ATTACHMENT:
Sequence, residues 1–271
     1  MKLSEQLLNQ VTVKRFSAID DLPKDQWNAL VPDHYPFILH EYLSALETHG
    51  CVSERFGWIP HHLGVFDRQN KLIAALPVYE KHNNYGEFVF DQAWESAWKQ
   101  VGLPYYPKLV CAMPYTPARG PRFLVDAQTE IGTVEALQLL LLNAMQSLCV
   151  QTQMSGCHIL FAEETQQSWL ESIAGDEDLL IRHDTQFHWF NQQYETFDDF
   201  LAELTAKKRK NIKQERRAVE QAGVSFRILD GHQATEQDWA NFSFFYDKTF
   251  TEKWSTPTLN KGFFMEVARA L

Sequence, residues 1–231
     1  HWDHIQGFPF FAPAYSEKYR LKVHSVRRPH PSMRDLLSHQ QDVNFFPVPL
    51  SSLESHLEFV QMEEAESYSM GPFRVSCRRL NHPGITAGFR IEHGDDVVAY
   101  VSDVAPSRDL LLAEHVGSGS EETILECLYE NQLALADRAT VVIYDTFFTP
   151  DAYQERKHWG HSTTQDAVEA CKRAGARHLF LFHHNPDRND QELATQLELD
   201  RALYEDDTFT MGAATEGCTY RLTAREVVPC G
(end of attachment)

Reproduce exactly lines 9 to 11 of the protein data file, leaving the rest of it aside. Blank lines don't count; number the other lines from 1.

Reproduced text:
     1  HWDHIQGFPF FAPAYSEKYR LKVHSVRRPH PSMRDLLSHQ QDVNFFPVPL
    51  SSLESHLEFV QMEEAESYSM GPFRVSCRRL NHPGITAGFR IEHGDDVVAY
   101  VSDVAPSRDL LLAEHVGSGS EETILECLYE NQLALADRAT VVIYDTFFTP